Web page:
Tag Archives: plant-based protein

Dry foods help reduce dental disease in dogs

Dog eating food

Dog owners always have question about whether to feed their pet dry or canned foods.  This can be a daunting decision, given the number of both dry and canned foods.

High quality dry foods can easily meet the nutritional requirements of most dogs.  You will want to check labels for the amount of meat-based proteins the food contains versus grains.  Higher priced dry foods will tend to contain more meat-based proteins than their lower-priced competitors.

The added benefit of dry food is that chewing on it reduces the buildup of plaque and tarter on your dog’s teeth.  Dogs that eat only a wet or canned diet are more prone to dental disease if the diet is not balanced with treats and toys for chewing.  Some dogs – if raised on only canned food – will refuse to eat dry food at all – so it’s important to start your dog early on at least a partial dry diet.  In many cases, we suggest waiting until the dog is of senior age before giving a preponderance of canned foods.

NOTE: The above does NOT pertain to cats who have different nutritional needs.  See other blogs on cat nutrition.

AS ALWAYS, CONSULT WITH YOUR VETERINARIAN ABOUT YOUR PET’S OVERALL HEALTH AND WELLBEING.

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Grain-free is not enough; look for MEAT-BASED proteins in your pet’s food

Grain-free dog and cat foods seem to be the latest pet food fad.  But in our minds, the issue is NOT whether a pet food is grain-free, but rather, what is the SOURCE of the food’s protein content?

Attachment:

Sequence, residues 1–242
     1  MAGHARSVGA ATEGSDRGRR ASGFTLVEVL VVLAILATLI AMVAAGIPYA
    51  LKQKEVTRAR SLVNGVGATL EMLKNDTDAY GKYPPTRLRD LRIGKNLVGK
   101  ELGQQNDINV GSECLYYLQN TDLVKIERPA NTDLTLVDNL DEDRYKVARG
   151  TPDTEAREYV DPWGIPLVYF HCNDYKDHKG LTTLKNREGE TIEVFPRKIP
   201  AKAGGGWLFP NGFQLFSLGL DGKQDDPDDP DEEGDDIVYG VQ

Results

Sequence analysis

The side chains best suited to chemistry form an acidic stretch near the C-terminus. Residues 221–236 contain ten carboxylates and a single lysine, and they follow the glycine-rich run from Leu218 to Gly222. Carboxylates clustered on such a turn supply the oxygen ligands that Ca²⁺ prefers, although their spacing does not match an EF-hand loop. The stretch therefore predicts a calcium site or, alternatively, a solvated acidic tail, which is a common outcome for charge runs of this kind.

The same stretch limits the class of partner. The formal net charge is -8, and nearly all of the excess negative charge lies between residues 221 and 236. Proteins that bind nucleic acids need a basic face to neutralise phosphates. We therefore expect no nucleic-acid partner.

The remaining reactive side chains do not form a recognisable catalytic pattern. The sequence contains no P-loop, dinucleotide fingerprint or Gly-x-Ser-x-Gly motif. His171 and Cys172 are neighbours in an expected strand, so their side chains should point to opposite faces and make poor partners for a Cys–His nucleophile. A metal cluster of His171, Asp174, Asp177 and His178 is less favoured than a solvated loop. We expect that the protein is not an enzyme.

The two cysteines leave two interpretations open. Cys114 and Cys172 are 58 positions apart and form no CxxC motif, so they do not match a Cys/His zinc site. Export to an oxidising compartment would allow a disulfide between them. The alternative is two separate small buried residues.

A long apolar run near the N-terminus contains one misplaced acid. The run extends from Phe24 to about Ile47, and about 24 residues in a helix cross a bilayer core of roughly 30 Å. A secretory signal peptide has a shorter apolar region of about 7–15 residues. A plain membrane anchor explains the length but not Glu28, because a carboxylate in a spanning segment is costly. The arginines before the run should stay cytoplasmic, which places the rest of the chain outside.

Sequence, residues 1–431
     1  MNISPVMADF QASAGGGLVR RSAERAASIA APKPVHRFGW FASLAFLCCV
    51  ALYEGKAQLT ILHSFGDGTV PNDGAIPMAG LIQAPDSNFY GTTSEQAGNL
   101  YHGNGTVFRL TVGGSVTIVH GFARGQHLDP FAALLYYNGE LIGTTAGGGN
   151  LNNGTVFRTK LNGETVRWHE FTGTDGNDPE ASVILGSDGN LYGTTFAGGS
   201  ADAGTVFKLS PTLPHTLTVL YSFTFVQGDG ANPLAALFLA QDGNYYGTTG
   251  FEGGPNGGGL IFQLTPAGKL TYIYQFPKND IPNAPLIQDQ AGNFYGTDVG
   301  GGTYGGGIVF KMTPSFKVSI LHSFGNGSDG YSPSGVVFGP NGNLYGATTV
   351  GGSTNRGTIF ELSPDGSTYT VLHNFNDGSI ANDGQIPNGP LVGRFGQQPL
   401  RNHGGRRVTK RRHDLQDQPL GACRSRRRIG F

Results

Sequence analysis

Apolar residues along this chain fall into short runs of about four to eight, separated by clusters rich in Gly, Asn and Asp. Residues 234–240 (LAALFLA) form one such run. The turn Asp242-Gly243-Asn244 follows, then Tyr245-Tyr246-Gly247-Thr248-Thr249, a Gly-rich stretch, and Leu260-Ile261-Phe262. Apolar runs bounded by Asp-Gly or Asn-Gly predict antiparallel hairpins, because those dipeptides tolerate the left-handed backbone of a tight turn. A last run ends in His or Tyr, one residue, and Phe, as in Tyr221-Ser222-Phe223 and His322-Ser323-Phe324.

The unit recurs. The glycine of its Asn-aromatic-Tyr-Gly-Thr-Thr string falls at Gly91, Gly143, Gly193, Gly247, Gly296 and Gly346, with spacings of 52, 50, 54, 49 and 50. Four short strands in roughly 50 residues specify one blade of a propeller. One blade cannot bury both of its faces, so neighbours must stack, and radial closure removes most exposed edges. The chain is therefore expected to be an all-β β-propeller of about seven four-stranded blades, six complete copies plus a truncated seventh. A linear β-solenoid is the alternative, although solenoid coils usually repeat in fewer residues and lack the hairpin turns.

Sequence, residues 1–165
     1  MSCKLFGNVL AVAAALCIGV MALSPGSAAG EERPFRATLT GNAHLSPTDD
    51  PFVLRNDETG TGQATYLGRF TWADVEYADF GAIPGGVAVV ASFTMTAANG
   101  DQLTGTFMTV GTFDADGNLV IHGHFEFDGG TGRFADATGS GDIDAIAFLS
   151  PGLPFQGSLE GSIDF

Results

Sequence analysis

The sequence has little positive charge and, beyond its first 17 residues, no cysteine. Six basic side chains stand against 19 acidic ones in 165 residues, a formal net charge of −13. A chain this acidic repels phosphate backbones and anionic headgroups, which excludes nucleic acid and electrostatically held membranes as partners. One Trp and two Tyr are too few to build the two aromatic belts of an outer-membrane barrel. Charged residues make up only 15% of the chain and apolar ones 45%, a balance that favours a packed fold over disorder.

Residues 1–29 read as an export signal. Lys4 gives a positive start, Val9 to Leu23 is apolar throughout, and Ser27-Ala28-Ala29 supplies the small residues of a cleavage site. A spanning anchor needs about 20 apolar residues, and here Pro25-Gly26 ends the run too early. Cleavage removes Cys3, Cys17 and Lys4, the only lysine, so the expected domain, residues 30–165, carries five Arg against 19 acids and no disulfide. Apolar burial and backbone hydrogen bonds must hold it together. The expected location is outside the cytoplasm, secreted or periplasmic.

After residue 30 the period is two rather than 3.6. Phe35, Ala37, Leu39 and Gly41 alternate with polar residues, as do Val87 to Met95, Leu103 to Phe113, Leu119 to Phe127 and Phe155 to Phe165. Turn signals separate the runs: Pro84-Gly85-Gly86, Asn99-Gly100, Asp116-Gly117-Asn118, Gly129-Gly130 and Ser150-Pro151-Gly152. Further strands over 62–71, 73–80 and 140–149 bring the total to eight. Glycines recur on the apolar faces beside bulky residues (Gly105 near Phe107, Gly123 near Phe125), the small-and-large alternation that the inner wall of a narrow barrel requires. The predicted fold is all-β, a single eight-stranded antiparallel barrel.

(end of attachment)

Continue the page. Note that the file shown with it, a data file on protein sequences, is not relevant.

It’s best to choose a food that is high in MEAT-BASED PROTEINS.  Meat has always been a natural part of dogs’ and cats’ diets and is easiest for their systems to break down and digest.  Plus meat-based proteins contain amino acids that are essential to your pet’s diet.  However, meat is a more costly ingredient, so you are seeing some companies turn to alternative sources of protein – like corn and soy, both plant-based sources of protein.  They are able to raise the so-called protein levels in the food while reducing costs.

Vegetables or meat for the dogWhile some companies will use plant-based proteins like corn, corn is still a GRAIN that turns into starch and then into sugar – potentially leading to obesity and diabetes.  Some pet foods also contain corn gluten – a low-quality protein derived from corn – which is difficult for pets to digest.  Soy is actually a protein blocker.  So if your pet’s diet contains lots of soy, their body will be more prone to absorb these proteins and not the meat based proteins

You will typically find that many of the lower-priced foods contain a greater amount of plant based protein and less meat based protein.  Always read labels carefully.

Feeding some level of plant-based protein to your dog or cat is okay, however it’s not as healthy as meat-based protein.  And not providing a meat-based diet can lead to an increased chance of allergies and obesity.

AS ALWAYS, CONSULT WITH YOUR VETERINARIAN ABOUT YOUR PET’S OVERALL HEALTH AND WELLBEING.

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